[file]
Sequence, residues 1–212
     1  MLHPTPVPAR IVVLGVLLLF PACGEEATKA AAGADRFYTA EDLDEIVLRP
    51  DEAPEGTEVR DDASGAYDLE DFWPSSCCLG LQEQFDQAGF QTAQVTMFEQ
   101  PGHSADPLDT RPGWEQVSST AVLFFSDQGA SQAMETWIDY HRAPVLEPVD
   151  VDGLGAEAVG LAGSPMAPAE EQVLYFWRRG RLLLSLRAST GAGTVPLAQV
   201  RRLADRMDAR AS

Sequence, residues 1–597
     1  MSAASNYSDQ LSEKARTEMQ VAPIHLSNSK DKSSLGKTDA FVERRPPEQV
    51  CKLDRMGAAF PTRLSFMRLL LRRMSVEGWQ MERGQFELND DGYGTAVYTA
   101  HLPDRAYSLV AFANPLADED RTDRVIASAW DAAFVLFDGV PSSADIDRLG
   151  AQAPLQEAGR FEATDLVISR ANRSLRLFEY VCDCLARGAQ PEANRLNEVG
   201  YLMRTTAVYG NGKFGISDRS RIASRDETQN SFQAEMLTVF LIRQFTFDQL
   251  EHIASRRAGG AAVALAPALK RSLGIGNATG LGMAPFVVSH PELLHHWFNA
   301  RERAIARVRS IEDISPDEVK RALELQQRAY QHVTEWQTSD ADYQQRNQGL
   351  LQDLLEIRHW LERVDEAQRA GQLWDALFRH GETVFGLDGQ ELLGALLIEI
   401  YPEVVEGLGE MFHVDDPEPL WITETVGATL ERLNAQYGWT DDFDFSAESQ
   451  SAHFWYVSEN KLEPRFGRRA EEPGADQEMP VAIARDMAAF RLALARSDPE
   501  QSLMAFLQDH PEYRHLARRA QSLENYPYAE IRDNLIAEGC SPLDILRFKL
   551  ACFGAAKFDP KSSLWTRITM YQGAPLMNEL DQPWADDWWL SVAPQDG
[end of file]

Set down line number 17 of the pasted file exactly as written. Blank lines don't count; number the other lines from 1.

   451  SAHFWYVSEN KLEPRFGRRA EEPGADQEMP VAIARDMAAF RLALARSDPE